As for the camera...it's Tuesday at 6am. You and your wife are getting ready for work. Your 10 month-old decides to take her first steps. What's more likely? Grabbing your cell phone out of your pocket or off the table or going to the family room to get the camera..oh wait..it's upstairs...and the batteries aren't charged.
PFInterest
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Re: Good camera - new baby coming

Post by PFInterest »

cell phone. and fix it in post.
happy77
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Re: Good camera - new baby coming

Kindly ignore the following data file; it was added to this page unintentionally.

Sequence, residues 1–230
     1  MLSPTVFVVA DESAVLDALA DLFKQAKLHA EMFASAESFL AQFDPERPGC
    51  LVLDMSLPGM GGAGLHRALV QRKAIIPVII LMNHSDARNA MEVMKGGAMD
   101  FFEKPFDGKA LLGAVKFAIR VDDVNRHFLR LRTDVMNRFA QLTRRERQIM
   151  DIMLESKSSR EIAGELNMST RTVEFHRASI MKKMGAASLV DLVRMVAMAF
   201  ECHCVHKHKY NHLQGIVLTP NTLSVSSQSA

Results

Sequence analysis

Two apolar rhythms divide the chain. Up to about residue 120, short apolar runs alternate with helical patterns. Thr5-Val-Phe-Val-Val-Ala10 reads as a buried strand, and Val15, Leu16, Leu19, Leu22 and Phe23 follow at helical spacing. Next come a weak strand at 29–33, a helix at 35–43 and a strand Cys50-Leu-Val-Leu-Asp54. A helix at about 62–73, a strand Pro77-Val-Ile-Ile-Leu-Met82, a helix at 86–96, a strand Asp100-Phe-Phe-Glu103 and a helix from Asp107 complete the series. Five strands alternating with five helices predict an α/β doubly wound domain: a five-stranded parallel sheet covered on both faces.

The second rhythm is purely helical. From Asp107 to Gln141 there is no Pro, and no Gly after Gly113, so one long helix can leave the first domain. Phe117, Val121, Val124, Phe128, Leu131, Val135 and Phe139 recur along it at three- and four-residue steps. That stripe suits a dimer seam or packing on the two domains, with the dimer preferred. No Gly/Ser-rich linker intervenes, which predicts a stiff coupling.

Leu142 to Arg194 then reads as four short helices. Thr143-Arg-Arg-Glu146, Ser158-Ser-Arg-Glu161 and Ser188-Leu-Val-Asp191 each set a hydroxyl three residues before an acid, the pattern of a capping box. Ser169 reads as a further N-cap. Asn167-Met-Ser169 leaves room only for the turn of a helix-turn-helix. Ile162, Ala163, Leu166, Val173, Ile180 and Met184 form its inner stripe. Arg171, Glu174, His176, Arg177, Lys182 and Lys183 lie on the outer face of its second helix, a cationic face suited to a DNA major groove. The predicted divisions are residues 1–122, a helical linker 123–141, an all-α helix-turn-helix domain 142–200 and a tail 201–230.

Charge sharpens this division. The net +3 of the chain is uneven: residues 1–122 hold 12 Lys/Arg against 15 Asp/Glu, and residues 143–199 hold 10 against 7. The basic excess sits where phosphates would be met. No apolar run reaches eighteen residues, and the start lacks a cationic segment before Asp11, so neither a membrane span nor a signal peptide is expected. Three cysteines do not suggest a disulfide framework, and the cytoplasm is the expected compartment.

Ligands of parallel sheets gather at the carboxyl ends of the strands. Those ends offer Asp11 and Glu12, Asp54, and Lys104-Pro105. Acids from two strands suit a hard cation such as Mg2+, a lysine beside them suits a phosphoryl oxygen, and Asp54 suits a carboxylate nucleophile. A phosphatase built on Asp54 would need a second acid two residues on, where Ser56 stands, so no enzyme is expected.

Post by happy77 »

Smartphones have killed the camera market and cameras on smartphones are getting better day by day.
Get a good phone (iphone 7, pixel, s7). In my opinion, there is no need to buy DSLR or any other cameras.
And upgrade your phone every 2-3 years.

Nothing can beat a smartphone camera today in terms of availability, portability and usability. And picture quality is superb.
EvelynTroy
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Re: Good camera - new baby coming

Post by EvelynTroy »

Congratulations on your upcoming addition to your family. Excellent idea to be thinking about the camera situation.
I'm no big-time photographer - but I do enjoy taking lots of travel pictures.
I totally agree with these points that have been made and additional thoughts:

- Best camera is the one you have in your hand or pocket.